Rain is moving in tonight. Ducks are checking out the ditch and a gaggle of wild Canadian geese are resting on a flat roof of Brownsburg High School. The construction continued today and school is back in session.
The tennis courts are in use as well. Some kids are dressed for winter and others not so much.
Moms aren’t around to complain, “This is fool’s weather, you will catch a cold or worse, pneumonia!” I am not sure if moms worry about that anymore.
Mom used to have a list of does and don’t for her ‘Mairzy Doats’ your truly. “ Watch when you cross Hendrix Street. Those cars and trucks may hit you , they move so fast.
Red Brammer’s team of horses may knock you down when go up the road. Red keeps them moving much too fast for this old rough road. He may turn over that wagon and those wild red horses could break out of their harness.
Watch out for Art Steele in that old tin trash truck. He has some age on him. He may not see so good and run over you.
Don’t get in a car with someone you don’t know or speak to strangers. If you sense danger run to the nearest house. Good people live in this end of town. ” She was right about most of them.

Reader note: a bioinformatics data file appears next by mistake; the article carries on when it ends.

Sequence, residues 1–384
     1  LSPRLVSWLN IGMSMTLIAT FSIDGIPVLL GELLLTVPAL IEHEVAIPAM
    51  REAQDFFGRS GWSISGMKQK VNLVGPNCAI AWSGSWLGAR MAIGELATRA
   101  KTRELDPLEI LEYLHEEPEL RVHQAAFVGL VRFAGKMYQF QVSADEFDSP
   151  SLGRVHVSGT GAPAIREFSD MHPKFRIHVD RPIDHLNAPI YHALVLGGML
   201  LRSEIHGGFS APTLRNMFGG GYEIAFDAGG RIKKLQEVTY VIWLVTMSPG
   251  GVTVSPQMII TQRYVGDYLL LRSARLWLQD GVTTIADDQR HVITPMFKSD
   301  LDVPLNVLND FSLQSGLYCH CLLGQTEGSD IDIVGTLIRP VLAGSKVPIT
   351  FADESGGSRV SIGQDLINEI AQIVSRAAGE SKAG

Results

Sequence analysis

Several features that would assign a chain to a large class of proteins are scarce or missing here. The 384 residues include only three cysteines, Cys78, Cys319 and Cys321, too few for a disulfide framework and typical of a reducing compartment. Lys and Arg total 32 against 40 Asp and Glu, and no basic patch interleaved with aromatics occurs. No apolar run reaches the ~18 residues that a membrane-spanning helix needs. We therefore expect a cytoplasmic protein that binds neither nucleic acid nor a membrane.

One ‘don’t do’ that mom spouted when I went out and about was very important to her. It always brought about a smile and a nod from me. Years later, I penned a poem about the subject and added it to my book, ‘Simple Poetry and Other Things’ I hope you can envision little Mary Lou’s trips up Elm Street, back when Heck was a pup.
By Mary Lou Lynch Sartor
Mother always said
Don’t tell your business
when you go to call
I wondered what my business was
Because I hadn’t worked at all.
I couldn’t figure out what I did
I knew for sure I was just a kid.
So, I couldn’t tell mine
I reckoned hers would do.
They ask me how I was
I’d say “I’m fine , but I’m not sure,
The other night at my house
There was such a stir.
My mother and dad
Had an awful fight
They fought like cats and dogs
The whole night through
I covered up my head
Because I didn’t know what to do.
My mother was so mad
She hit him in the head
Scared me so bad
I ducked beneath the bed.
Folks chuckled when I told them
All the things I knew
Everything I heard
And I made up a little too.
I went home feeling really fine
I had told them her business
Never telling mine.
Well, Red’s horses did break harness one day. They did not tip the wagon or run me down, but they did give him a workout before he could bring them back to the bend in the road.
And, Art’s old tin truck rolled right past me several time , the engine purring like a kitten. I can still see him tip his hat in passing. I didn’t ever except rides from strangers either.
And, about those good folks in Stringtown. They were the makers of some of my happiest memories, my forever friends.
Most of them , like my family, are gone now. They are still alive and well in my store.
Thanks to The Brazil Times and Facebook I can still connect with extended family members and that is a blessing. If Mother were here she would give that blessing a nod and a smile.
Now I must check on the kids.
I can be reached by phone at 317 - 286 -7352 or drop me a line to 649 South Grant Street, Brownsburg, IN., 46112.